7 Ways to fail at making the most of #WLPC

I recently said goodbye to Phoenix and my now yearly trek to the Wireless Lan Professionals Conference (WLPC). After three years of attending I finally feel like I’m getting the hang of making the most of my week there. With the conference getting bigger and bigger each year, I thought it might be fun to discuss a few things I’ve learned over the years that keep attendees from getting the most out of the conference.

Direct inspiration for this write up comes from the fantastic Cisco Live presentation – 7 ways to fail as a wireless expert (by Steven Heinsius)

1.) Don’t take a boot camp

If you are not coming a few days early to WLPC for a boot camp you are really missing out on some fantastic classes. This year they ran the gamut from CWNP classes (CWAP/CWSP/CWDP/CWNA), to vendor offerings from Cisco and Ekahau, as well as classes developed directly by your wireless peers like the Python class from Jake Snyder and Ryan Adzima. Be warned – the boot camps are generally brain-melting since they cram a typical 4 day class into 3 days. The instructors though are top-notch and they will do their best to make sure that the material sticks.

My Advice: If you get push back from the $$$ people in your org, pitch the extra training cost as a screaming deal. Rooms, meals, an exam voucher (usually) as well as the potential for useful toys tools are all included in the cost. Most of these trainings done standalone usually run 2.5k to 3k without the rooms/meals and typically involve travel of some sort. If your boss is already going to send you to WLPC they might as well take full advantage of your time down there!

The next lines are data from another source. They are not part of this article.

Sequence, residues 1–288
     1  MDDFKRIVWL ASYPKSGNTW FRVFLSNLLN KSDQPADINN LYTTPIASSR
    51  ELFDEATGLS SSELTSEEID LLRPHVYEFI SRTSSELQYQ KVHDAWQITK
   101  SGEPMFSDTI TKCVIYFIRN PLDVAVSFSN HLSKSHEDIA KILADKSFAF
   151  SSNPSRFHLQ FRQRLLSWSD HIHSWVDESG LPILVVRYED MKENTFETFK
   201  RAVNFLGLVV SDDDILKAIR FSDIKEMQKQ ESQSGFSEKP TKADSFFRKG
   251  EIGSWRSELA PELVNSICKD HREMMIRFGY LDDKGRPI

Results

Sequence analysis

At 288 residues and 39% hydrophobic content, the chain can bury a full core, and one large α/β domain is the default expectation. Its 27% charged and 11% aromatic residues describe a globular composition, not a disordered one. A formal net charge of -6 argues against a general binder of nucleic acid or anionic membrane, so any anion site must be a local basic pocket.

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What I learned about Microsoft DHCP load balancing, Meraki APs, and IP Helpers

Cliche time – You learn something new every day…
… and today I learned about how the seconds elapsed field in DHCP packets can affect the DHCP DORA (Discover/Offer/Request/Acknowledgement) process – particularly when using a load-balance failover config on Microsoft DHCP servers.


  • 2 Microsoft DHCP servers with DHCP scopes setup for load-balance (50/50)
  • Meraki APs
  • AP Management VLAN gateway configured on core Nexus switch (and branch routers) with one IP helper address pointed towards DHCP server 1 (This will be important)
  • Greenfield wireless deployment


Some (but not all) new Meraki APs were not getting DHCP IP addresses when they got plugged into the network.


I love troubleshooting DHCP because it is a straightforward, structured process.

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